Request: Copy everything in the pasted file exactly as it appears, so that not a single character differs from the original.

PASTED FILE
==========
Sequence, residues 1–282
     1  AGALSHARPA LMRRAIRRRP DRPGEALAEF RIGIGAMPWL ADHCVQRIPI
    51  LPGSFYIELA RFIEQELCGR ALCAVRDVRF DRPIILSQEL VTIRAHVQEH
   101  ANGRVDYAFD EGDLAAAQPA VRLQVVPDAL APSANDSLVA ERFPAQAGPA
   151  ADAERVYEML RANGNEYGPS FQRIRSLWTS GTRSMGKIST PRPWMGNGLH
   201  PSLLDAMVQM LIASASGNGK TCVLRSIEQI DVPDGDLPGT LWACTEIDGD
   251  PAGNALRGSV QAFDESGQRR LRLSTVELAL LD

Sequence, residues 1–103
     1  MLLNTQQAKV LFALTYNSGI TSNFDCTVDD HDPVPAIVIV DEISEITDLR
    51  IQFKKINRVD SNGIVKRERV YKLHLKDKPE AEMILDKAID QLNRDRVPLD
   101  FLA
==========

Sequence, residues 1–282
     1  AGALSHARPA LMRRAIRRRP DRPGEALAEF RIGIGAMPWL ADHCVQRIPI
    51  LPGSFYIELA RFIEQELCGR ALCAVRDVRF DRPIILSQEL VTIRAHVQEH
   101  ANGRVDYAFD EGDLAAAQPA VRLQVVPDAL APSANDSLVA ERFPAQAGPA
   151  ADAERVYEML RANGNEYGPS FQRIRSLWTS GTRSMGKIST PRPWMGNGLH
   201  PSLLDAMVQM LIASASGNGK TCVLRSIEQI DVPDGDLPGT LWACTEIDGD
   251  PAGNALRGSV QAFDESGQRR LRLSTVELAL LD

Sequence, residues 1–103
     1  MLLNTQQAKV LFALTYNSGI TSNFDCTVDD HDPVPAIVIV DEISEITDLR
    51  IQFKKINRVD SNGIVKRERV YKLHLKDKPE AEMILDKAID QLNRDRVPLD
   101  FLA